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Press Freedom: Ghana loses standing as Africa’s best country after Ahmed Suale murder

By Justice Kofi Bimpeh
Ahmed Suale
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Ghana has lost its status as Africa’s best-ranked country in the World Press Freedom Index following the murder of Ahmed Hussein-Suale, an investigator with Anas Aremeyaw Anas’ Tiger Eye PI.

Ghana dropped from 23 to 27 in the world following the latest ranking by Reporters Without Borders. Namibia rose to 23 becoming Africa’s best-ranked country.

There report noted that a “group of investigative journalists had to spend part of 2018 in hiding after producing a documentary about Ghanaian soccer corruption.”

Reporters Without Borders expressed alarm with the threats on the life of Anas ahead of his exposé on corruption in Ghana football in July 2018.

This was after the Ghana Journalists Association’s (GJA) call for 24-hour protection for Anas. But it would be a member of Anas’ cohort, who would be slain by gunmen on January 16, 2019.

Ahmed Hussein-Suale, who had collaborated with the BBC in his work with Anas, was shot dead near his family home at Madina.

It is generally believed he was killed because of his work, though police investigations are still ongoing.

Ghana (27th), Africa’s best-ranked country in 2018, has lost this status for failing to protect a group of investigative journalists who were threatened, especially by a ruling party parliamentarian, after making a documentary about Ghanaian soccer corruption. One of its members was gunned down on an Accra street in January 2019. – Reporters Without Borders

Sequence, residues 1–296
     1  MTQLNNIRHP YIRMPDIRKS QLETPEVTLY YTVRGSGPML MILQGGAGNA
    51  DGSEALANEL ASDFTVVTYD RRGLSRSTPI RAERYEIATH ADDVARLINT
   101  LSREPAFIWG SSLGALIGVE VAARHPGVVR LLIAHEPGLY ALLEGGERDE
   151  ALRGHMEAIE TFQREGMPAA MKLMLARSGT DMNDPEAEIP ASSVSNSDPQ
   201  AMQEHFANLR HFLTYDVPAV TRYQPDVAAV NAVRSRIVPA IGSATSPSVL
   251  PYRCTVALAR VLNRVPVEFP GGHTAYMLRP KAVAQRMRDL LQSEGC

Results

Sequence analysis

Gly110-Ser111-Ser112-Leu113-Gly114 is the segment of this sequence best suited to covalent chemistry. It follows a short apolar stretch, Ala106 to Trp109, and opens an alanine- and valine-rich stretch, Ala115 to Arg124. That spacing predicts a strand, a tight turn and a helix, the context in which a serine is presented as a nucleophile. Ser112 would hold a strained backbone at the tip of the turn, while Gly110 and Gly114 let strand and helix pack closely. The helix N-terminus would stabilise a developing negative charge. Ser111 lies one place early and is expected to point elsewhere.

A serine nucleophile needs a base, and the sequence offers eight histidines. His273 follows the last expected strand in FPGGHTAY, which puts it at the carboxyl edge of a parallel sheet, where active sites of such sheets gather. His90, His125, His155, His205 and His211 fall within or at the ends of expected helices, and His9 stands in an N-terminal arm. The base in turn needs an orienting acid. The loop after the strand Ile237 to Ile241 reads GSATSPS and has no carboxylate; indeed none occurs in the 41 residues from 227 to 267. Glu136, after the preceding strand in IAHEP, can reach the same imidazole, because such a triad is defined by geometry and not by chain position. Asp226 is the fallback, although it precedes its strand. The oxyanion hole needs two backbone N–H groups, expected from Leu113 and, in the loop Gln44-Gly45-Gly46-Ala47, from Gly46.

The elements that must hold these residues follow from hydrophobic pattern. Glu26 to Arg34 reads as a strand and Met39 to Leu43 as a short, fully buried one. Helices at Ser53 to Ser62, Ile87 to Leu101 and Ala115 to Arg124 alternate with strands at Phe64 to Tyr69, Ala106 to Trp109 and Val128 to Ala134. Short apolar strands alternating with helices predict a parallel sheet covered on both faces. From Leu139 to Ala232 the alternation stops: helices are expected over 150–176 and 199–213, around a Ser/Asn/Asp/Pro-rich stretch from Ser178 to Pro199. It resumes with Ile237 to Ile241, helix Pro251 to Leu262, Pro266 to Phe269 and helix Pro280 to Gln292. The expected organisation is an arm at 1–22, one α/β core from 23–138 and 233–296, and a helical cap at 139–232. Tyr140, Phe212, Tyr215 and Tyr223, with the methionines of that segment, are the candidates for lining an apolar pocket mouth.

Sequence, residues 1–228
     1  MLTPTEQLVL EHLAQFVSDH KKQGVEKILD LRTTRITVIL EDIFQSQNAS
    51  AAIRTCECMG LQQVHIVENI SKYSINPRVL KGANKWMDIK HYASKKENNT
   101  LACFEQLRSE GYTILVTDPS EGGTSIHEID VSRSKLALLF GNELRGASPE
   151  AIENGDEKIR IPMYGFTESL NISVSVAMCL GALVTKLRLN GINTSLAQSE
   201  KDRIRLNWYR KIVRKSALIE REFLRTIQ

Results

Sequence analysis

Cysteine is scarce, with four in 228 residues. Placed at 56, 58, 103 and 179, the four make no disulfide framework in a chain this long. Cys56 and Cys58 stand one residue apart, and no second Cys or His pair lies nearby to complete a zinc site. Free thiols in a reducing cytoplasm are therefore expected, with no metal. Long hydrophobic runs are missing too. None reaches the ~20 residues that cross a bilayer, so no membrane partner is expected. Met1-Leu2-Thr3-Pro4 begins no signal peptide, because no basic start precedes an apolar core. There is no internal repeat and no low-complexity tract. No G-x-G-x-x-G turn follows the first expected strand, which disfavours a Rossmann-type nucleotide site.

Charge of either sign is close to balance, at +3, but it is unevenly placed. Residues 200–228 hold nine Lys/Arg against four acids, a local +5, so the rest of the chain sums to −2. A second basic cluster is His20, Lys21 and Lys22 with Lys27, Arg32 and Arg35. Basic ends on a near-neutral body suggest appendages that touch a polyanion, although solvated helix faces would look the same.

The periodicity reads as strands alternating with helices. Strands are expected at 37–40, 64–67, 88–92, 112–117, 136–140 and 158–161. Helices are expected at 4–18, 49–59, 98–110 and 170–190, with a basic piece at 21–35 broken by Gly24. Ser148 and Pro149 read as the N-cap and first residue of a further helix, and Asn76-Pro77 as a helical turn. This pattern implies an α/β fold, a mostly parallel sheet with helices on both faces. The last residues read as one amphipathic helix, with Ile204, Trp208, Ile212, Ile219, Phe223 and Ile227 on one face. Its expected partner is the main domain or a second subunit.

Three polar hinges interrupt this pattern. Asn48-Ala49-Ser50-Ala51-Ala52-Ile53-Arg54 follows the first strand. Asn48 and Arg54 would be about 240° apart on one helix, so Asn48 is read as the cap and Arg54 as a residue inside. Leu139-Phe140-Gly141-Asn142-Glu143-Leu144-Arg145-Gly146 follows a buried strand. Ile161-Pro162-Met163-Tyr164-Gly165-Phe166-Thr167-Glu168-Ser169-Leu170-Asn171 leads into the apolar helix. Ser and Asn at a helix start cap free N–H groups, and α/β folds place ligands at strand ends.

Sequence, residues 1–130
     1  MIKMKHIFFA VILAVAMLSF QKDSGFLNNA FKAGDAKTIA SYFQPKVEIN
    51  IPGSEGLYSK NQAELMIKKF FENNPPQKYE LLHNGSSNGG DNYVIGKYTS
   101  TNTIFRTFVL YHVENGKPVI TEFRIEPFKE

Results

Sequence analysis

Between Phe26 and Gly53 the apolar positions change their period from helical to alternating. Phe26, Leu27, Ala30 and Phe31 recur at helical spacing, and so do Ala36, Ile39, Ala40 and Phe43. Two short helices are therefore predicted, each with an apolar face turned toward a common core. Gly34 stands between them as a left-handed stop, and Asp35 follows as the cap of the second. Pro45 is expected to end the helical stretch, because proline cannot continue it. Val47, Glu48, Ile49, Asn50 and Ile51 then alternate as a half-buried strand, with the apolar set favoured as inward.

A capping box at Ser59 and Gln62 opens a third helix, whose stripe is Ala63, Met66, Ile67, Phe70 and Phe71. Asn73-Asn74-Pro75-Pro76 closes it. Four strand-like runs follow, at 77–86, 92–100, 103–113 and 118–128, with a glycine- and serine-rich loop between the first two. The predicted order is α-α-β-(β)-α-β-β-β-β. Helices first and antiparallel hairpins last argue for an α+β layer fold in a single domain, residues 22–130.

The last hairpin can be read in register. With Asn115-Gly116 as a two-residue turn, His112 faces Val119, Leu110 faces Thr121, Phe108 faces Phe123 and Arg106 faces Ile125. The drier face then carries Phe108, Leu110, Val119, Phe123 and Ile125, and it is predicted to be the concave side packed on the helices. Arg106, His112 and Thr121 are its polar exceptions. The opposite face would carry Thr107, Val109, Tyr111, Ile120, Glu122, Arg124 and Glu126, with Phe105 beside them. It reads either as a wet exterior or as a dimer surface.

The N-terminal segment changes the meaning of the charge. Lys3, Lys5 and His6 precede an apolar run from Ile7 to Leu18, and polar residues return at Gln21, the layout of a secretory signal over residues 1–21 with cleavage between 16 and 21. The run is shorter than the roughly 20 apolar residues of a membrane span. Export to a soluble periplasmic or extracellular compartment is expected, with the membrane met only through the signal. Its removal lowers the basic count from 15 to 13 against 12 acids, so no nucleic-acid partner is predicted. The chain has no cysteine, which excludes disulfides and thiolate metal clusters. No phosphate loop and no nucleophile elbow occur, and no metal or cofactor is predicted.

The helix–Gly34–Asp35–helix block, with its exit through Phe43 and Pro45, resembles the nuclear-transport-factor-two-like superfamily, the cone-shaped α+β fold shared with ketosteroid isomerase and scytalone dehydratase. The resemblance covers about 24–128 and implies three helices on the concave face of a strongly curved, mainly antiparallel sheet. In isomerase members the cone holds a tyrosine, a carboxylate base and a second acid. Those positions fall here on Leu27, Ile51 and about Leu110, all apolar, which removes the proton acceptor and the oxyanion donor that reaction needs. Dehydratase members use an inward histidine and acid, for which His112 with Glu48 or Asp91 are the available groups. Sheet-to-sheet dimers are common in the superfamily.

The report noted that Assin Central MP, Kennedy Agyapong, who had been named in the documentary, “publicly threatened one of the journalists without ever being sanctioned.”

Mr. Agyapong was upset with the investigative team’s methods and released their photos to the public.

Aside from the killing, there were also instances of journalists on the job being assaulted by security personnel, both state and private, during their assignments.

“Journalists are rarely arrested but several were attacked with impunity in 2018, in some cases by police officers,” the report noted.

In March 2019, police in the Eastern Region had to rescue two journalists on a beat, who were held hostage by some men believed to be workers of a mining company in the Atiwa West District.

Also, Joy News reporter Latif Iddris was assaulted at the Criminal Investigations Department of the Ghana Police Service when he was covering the interrogation of then-Deputy General Secretary of the NDC, Koku Anyidoho, who was being held on treason charges.

In another notable instance, New Patriotic Party (NPP) sympathiser, Hajia Fati, assaulted an Adom FM reporter, Ohemaa Sakyiwaa, at the NPP headquarters in Accra in May 2018.

Reporters Without Borders acknowledged that Ghana continues to be seen as one of the most democratic countries in Africa but also noted that “a third of the media is owned by the state or by businessmen linked to the government.”

Sub-Saharan Africa, in general, faced a decline in press freedom “with hatred towards journalists, attacks on investigative reporters, censorship and economic and judicial harassment all undermined independent reporting and quality journalism in a continent where press freedom saw significant changes in 2018.”

Like in 2017, the situation in 22 of sub-Saharan Africa’s 48 countries “is classified as either “bad” or “very bad”.”

Per the report, the number of countries regarded as safe, “where journalists can work in complete security, continues to decline, while authoritarian regimes continue to tighten their grip on the media.”



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Credit: Citifmonline